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Samurai Medicine

When reading about traditional Chinese medicine, one of the first concepts you learn is the concept of appropriate application. A particular herb may be good for alleviating one ailment, but hazardous to another. That particular herb may be the necessary remedy, but if taken at the wrong time or without proper application its effect may be nullified. So, it’s not just ailment and cure, but the application which incorporates a lot of sensitive issues such as timing and dosage. I use the specific example of traditional Chinese medicine here, but I don’t know traditional Chinese medicine very well. What I do know, and what is relevant to me, is the healing or distorting effects of the various stimuli I incorporate into my life. In this case, it’s the media like images, music, books, television and movies I expose myself to.

This fall was a chaotic time for me where I felt buried by the amount of everything around me and the lack of resources with which I had to dissolve them, or at least I thought. What seems to have been ideal  in retrospect was a calming of my anxieties and a clear vision in order to untangle all of the complexities that were consuming my mind. Perhaps the most beneficial media would be of the sort that would act as an agent to encourage the discipline to stick to a healthy and conserving routine. To this end I was listening to ambient music, drinking tea, going to bed early, and reading books about the things that usually calm and interest me. In my daily life, I tried to spend only the bare minimum needed to survive. But it didn’t work. It was too quiet and wasn’t real. So when I decided to act otherwise, I would blast out on the opposite end of the spectrum. I would abandon all previous thoughts of healthy conservation and plow forward with luxurious desires fueled by heavy metal and my favorite expensive beer. This felt powerful, but I would only wake up deeper in the hole.

All of those individual aspects are perfect with the right application and moderation, but I wasn’t adhering to such ideals with success. Traditional Chinese medicine seeks to restore balance by counteracting excess and depletion. I was in a very hot summer of sorts and sought balance, but the cooling remedies I attempted were too severe. Then I took heating agents which ended up taking me to boiling point. These are matters I feel I should handle myself, so in a sense I am my own life-doctor, choosing which stimuli I should imbibe. I believe this touches on another important concept in traditional Chinese medicine; a self-sufficient and preventative approach to finding one’s balance, as opposed to going to an outside source receiving temporary remedies for ailments that have already matured. I was not a good doctor to myself.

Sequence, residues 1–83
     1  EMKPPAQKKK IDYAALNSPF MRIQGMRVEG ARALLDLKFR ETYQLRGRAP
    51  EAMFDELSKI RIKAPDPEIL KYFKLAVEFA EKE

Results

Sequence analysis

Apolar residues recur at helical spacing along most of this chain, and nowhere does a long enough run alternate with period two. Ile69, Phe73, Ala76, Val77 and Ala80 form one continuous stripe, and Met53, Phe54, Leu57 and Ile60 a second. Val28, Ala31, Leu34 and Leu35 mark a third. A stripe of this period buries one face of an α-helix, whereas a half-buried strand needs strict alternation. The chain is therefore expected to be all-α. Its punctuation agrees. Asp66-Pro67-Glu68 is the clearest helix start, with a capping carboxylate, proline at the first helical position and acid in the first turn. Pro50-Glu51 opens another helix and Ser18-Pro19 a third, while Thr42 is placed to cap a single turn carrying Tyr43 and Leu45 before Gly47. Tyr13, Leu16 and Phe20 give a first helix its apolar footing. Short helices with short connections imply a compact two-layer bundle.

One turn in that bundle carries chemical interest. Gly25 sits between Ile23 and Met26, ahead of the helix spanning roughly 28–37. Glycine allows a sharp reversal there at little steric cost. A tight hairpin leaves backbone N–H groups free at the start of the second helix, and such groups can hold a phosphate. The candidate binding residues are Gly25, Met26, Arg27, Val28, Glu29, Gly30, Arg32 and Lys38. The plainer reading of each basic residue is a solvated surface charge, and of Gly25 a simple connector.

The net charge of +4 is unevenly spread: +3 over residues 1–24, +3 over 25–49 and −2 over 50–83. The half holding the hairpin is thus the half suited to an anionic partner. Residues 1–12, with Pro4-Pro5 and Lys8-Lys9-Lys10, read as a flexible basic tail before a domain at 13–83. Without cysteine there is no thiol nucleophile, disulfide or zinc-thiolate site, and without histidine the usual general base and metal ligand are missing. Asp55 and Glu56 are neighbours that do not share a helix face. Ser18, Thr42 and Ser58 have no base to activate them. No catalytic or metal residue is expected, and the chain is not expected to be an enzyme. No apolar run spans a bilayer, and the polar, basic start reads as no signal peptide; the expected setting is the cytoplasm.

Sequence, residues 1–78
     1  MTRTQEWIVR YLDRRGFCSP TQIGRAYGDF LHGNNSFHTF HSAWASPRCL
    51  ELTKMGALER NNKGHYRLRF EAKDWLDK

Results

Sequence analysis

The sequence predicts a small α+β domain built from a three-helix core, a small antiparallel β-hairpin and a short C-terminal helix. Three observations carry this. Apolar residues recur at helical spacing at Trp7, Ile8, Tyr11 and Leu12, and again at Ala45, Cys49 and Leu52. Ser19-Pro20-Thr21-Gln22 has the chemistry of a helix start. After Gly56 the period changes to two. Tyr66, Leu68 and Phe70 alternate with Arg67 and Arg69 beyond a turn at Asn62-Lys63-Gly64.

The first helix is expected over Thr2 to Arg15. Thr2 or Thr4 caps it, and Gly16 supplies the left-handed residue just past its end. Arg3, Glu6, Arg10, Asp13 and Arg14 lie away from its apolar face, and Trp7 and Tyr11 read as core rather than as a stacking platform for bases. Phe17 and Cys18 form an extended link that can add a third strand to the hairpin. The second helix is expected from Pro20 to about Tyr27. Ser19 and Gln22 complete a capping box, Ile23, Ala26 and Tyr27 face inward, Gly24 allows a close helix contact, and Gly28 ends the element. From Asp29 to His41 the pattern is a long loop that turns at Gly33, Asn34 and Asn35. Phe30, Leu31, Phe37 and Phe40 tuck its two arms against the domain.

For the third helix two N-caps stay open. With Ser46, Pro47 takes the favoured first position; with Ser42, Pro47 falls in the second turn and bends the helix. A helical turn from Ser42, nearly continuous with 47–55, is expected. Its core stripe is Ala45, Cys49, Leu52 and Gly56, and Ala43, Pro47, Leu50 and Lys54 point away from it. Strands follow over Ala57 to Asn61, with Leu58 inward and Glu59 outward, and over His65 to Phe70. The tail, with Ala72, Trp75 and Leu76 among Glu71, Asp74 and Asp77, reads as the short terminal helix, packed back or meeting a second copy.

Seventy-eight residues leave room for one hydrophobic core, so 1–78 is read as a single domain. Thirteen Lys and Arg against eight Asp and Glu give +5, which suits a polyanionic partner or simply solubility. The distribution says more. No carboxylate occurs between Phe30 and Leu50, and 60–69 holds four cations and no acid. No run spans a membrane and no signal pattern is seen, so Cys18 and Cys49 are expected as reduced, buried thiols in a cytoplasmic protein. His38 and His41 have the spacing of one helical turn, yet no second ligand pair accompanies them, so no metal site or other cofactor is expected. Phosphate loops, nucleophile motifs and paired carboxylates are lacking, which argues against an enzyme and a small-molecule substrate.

However, the other night I watched a movie that was just what my internal doctor should have known to prescribe: “Chonmage Preen.”

Harking back to my original curiousity of Japanese bushido and samurai. I picked up this interesting movie which reinvigorated the kind of feelings inside of me that can successfully battle those antagonists that have so recently devoured my health. (Chonmage is the traditional hairstyle worn by samurai. Preen is a custard dessert.)

It’s a story about a samurai named, Yasube, who somehow finds himself time traveling forward to modern Tokyo where he becomes entangled in the life of a single mother and her 5 year old son. In his free time adjusting to his new life, Yasube watches cooking shows on TV and becomes a skilled patissiere. However, he abruptly finds himself sinking back into time from whence he came.

For such a cliche story, I really enjoyed it. Certainly not the heavy nature you usually expect from samurai films, but it still displayed the ethics and code of conduct a samurai is expected to posses. This is the kind of influence that I’ve been needing.

What I absorbed from this movie were the notions of discipline so often attributed to samurai, yet adopted to modern times. A samurai he still was, but one that couldn’t use his sword or social status to achieve his aims. What was distilled were the old values applied to modern scenarios.